2002.09.11 Does a telephone ring?

Written by David Green.


The college professor drones on to his class of freshmen. He’s starting to repeat himself and the class is getting bored. Finally, one brave student raises her hand and says, “You’re beginning to sound like a broken record.”

Could this really happen on a college campus today?

It’s not likely, because what college freshman is going to know the sound of a broken record?

Sure, there are a few. I still like to get out the old Bob Dylan and Tim Buckley discs and give them a spin on my grandmother’s old turntable. It’s pretty scratchy and the speed hurries and slows between 29 rpms and 37 rpms. If you thought Dylan’s voice was odd at its normal speed, you should hear it on my grandmother’s record player.

Somewhere in the house we have a small collection of 45s. Those are records, too, kids; not a kind of gun.

I still yell out, “The phone’s ringing,” when I can’t get to it and I want someone else to leave the couch and answer. I think everybody talks about ringing phones, but when was the last time you actually heard a phone ring? I don’t know what the replacement word would be to describe the phone sound, so I expect they’ll ring for years and years to come.

Actually, we have an old phone at the office that rings. It even has a dial. A real antique from the olden days of the 1960s, probably. A few weeks ago I told someone to dial a certain number, and then I realized how silly that sounded. Nobody dials a phone unless they’re in the back part of the Observer office. I use that phone on rare occasions just to remember what it was like.

I thought about ringing phones when I heard someone talking about the “mindset list” put together each year by some staff members at Wisconsin’s Beloit College.

They want their colleagues to understand that their mindset—the mental attitude that determines a person’s understanding of a situation—is likely to be quite different from that of the 17- and 18-year-olds sitting in front of them.

“While [the students] are learning from us,” said Beloit instructor Tom McBride, “we need to make ourselves understood or we run the risk of failing to convey the base of ideas that will allow us to share the road to wisdom.”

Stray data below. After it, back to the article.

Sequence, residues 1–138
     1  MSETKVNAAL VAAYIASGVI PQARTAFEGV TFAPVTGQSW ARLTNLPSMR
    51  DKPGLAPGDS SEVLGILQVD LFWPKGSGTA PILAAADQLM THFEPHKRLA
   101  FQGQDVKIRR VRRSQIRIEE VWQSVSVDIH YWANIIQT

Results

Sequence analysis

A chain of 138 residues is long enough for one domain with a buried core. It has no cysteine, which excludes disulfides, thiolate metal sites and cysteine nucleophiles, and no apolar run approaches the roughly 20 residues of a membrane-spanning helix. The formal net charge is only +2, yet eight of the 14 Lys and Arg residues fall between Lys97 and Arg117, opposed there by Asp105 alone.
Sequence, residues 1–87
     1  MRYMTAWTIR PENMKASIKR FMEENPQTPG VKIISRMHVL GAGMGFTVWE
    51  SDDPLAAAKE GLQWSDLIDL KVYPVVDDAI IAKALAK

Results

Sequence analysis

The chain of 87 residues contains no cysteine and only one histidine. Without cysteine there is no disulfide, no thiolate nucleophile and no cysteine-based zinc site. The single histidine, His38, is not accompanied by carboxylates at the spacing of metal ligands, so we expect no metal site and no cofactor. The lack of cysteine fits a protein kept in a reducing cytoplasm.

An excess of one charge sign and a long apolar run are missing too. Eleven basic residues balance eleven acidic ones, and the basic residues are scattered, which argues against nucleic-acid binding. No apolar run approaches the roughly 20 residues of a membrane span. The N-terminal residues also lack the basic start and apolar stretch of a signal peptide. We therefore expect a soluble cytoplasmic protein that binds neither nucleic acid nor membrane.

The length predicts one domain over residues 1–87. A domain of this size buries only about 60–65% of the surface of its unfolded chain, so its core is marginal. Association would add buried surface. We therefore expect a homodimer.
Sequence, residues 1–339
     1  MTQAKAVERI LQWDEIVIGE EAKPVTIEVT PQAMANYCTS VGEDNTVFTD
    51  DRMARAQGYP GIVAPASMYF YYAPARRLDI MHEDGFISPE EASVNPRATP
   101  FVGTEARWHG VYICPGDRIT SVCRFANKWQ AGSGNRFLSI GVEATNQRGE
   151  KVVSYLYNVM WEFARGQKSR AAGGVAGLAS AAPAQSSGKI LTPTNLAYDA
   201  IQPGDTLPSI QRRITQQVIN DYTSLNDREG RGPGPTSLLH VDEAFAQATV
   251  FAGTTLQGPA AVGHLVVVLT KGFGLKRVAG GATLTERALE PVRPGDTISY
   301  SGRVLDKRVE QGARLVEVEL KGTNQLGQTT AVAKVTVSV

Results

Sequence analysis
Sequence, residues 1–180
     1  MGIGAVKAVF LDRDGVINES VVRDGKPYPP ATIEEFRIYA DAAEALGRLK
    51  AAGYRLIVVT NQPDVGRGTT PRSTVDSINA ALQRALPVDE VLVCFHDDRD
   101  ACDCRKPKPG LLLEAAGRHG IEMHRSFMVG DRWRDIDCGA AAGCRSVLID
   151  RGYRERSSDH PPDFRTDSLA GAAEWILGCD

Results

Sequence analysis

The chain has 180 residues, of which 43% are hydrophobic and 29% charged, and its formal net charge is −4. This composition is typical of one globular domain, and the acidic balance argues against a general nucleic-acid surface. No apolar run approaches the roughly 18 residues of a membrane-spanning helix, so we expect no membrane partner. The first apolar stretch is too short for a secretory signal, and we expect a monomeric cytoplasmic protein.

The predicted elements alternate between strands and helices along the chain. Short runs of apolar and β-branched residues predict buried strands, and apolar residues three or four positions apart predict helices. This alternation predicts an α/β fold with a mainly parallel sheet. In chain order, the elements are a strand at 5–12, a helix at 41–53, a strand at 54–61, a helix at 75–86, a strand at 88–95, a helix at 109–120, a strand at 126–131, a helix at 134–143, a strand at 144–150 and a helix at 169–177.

Even though these kids were born in the ominous year 1984, the phrase “Big Brother” is only a television show to them. George Foreman has always been a barbecue grill salesman. Women have always had tattoos. Men never carry a handkerchief in their back pocket. For all these youngsters know, there’s always been a car on the road called a Saturn.

In the freshmen’s lifetime, scientists have always talked about the impact of acid rain. John Lennon’s son, Julian, had his only hit the year these kids were born. They grew up riding in minivans. Weather reports have always been available 24 hours a day on television, and Fox has always been a network choice, for better or for worse.

Richard Burton, Ricky Nelson, Truman Capote? We’re talking history now: Those guys have been dead as long as the freshmen have been alive.

Some items on the lists from the last two or three years are amusing. For these kids, popcorn has always been made in a microwave—unless you grew up in the weird Leddy-Green home.

Popcorn came from microwaves only during the past 18 months or so that we’ve owned a microwave. But I still make it in a pan with oil. This way it actually tastes like popcorn.

Typewriters are said to be antiques, but we sure had a lot of high school seniors over at our house a couple years ago when it was time to fill out scholarship forms.

Kids are said to be ignorant about the letters “cc” on their email program, and maybe so, but my kids have made carbon copies for years with carbon paper I’ve brought home from the office.

College students today have never known about dressing up for an airplane flight, but I think the professors are a little late on that observation. I know about it, but I only laugh. I’ve seen my parents do it and I always think it’s one of the oddest things.

Kids these day. I heard those words when I was kid.  Every generation, it goes over and over, just like a broken record.

    – Sept. 11, 2002 
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